In an interview to promote 1996's "The Rock," Connery discussed how he started balding at the age of 35 when he had been cast as Bond, but he believed it was only a natural part of life. However, he did have strong words for men who tried to overcompensate for their baldness. "I think the really stupid thing is to see somebody who's got a wisp of hair that's 8 feet long that he's coiled around and he's kind of nailed it to the back of his head," Connery said." And it looks like a snake that's about to take off."

He quit acting after a terrible experience on a film

On paper, "The League of Extraordinary Gentlemen" appeared like the perfect project for anyone. As an adaptation of Alan Moore and Kevin O'Neill's comic book series directed by Stephen Norrington of "Blade" fame, it had all the key ingredients to be a major hit. Even though Moore was famously against it — much like any other adaptations of his work (via Comic Book Resources) — the project managed to attract an all-star cast that included Sean Connery as Allan Quatermain.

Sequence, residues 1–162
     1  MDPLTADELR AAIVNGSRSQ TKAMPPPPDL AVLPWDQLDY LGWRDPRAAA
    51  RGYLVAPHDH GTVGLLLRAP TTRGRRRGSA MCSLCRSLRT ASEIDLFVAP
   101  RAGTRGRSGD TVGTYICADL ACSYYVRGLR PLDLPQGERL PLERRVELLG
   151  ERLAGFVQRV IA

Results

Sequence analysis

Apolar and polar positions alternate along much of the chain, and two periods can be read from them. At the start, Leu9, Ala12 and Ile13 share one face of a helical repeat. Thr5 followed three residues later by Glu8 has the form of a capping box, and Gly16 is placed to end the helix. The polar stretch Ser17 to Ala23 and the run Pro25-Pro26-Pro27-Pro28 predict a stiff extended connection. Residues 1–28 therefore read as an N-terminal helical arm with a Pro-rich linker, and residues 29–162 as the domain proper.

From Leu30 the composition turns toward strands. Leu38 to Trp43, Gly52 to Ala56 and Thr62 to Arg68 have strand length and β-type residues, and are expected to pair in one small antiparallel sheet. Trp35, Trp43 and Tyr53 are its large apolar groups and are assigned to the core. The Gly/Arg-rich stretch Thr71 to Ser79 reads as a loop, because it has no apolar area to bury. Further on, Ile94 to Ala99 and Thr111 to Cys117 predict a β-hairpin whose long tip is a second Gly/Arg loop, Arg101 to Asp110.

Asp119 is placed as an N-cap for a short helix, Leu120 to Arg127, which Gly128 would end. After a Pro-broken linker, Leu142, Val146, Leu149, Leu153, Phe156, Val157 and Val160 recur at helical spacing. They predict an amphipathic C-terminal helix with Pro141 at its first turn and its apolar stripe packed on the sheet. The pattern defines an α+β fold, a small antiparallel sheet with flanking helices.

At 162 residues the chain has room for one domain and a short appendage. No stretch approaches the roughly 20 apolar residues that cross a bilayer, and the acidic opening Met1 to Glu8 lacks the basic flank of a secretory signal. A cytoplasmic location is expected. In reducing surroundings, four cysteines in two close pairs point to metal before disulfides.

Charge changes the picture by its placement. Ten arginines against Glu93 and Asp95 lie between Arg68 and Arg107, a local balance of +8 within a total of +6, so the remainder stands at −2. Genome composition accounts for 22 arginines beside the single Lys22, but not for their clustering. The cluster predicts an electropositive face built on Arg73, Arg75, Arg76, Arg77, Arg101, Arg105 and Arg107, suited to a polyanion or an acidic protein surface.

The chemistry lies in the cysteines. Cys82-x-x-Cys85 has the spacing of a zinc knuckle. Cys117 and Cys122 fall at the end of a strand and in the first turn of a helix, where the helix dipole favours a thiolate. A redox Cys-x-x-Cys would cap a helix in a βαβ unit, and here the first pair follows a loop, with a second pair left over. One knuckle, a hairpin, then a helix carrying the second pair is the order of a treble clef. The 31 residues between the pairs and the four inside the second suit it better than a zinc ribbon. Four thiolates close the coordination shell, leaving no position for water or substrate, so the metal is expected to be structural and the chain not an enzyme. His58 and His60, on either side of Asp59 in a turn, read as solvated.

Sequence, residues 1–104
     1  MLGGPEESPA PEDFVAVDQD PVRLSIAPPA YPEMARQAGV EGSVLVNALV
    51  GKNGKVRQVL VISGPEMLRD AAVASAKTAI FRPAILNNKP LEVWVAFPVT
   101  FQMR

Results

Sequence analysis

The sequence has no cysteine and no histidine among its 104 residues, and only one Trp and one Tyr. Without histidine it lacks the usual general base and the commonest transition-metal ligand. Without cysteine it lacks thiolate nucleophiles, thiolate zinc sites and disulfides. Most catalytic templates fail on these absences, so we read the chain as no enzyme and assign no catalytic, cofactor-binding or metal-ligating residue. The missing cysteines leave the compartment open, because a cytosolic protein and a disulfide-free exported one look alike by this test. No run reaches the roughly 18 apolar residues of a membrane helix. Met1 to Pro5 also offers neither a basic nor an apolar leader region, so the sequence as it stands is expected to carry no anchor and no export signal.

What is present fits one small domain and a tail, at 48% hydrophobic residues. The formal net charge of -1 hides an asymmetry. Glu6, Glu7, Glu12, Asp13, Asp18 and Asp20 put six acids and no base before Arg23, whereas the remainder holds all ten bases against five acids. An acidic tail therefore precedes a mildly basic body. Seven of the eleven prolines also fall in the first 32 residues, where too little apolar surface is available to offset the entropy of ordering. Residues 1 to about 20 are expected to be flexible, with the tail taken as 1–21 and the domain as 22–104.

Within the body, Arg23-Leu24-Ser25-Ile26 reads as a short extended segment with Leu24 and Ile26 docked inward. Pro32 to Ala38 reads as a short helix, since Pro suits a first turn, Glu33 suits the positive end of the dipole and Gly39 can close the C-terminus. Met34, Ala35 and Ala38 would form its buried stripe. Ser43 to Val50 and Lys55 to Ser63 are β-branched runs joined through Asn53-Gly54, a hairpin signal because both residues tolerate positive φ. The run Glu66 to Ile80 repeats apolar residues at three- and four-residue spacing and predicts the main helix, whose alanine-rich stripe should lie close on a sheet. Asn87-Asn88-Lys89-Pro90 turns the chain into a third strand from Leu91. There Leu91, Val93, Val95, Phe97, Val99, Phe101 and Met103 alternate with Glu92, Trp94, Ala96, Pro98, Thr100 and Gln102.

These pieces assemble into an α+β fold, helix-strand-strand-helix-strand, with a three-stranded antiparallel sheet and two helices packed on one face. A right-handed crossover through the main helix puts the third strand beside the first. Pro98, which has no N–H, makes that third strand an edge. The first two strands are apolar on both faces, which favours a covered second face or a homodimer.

Unfortunately, the experience was anything but extraordinary, as it led to Connery quitting the film industry altogether. The Scottish actor didn't pull any punches when he discussed how unpleasant he found the process and director in a 2007 interview (via The Hollywood Reporter). "The last one I did, [Norrington] was given $85 million to make a movie in Prague, but unfortunately, he wasn't certified before he started because he would have been arrested for insanity," he said. "So, we worked as well as we could, and [I] ended up being heavily involved in the editing and trying to salvage."

He was discharged from the navy for medical reasons